According to a recent study, people of color and white women face "extraordinary, perhaps discriminatory'' barriers to landing business contracts with Metro agencies. Despite owning one-fourth of all businesses that bid on projects from 1999-2003, women and minorities received only 8 percent of contract dollars. The other 92 percent went to firms owned by white men.

 

In light of these disparities, changes in procurement procedures are called for. One particular problem is the way in which "relevant experience'' is weighed before a contract is awarded. Although experience matters, it certainly doesn't guarantee quality work, and what qualifies as "relevant experience'' is highly subjective. Not to mention, by preferring those with more experience, larger white male firms, which have had more opportunity in the past (in part because of discrimination against women and folks of color), will continue to reap disproportionate benefits.

 

Access to quality can be blocked

Metro should set clear goals for improving the share of contract dollars going to underutilized companies and should help these firms make connections to the white male firms with which they might partner. Affirmative action is especially important in contracting, because without it, existing "old boy's networks'' are known to block access to companies owned by highly qualified women and folks of color.

For example, in the late '80s, when Richmond's old affirmative action program was ended, the percentage of contract dollars going to minority firms fell from 38 percent to less than 3 percent. As in Metro, there was no evidence that minority firms had done inferior work, or had submitted non-competitive bids. But without the requirement to make affirmative efforts, white male firms fell back into old habits and ended up working only with others like themselves, with whom they felt more "comfortable.'' Although a new program has helped that number rebound a bit, it took a deliberate and concerted effort to make it happen.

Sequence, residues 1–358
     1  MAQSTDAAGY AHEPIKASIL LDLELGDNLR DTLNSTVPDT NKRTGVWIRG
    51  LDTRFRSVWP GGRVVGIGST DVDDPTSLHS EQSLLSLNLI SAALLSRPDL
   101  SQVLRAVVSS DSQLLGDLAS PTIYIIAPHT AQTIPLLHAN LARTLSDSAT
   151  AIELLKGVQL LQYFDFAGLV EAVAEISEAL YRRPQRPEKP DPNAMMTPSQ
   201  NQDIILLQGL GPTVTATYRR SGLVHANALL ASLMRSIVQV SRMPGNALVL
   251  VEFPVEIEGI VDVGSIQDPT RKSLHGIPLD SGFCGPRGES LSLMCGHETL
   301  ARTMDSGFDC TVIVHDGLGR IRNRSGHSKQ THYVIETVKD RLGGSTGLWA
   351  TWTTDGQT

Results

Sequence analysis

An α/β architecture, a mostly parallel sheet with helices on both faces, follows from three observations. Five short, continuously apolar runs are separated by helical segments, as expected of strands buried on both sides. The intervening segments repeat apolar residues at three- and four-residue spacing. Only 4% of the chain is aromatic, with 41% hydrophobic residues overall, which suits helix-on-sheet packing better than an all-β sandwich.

Importantly, the benefits of more equitable contracting would extend to more than just minority and women business owners. Research has found that firms owned by minorities tend to hire more people of color than white-male-owned firms, thereby boosting the employment picture for workers of color, and pumping income into communities that sorely need it.

Finally, fairness dictates change. Public projects are financed by us all, including the people of color and white women who have such a hard time getting some of those dollars back in the form of contracts. To allow the current situation to continue would be tantamount to an income redistribution program, in which monies are taken from women and folks of color in the form of taxes, and then showered disproportionately upon white males: a unique form of taxation without (economic) representation. Surely, Metro can and should do better.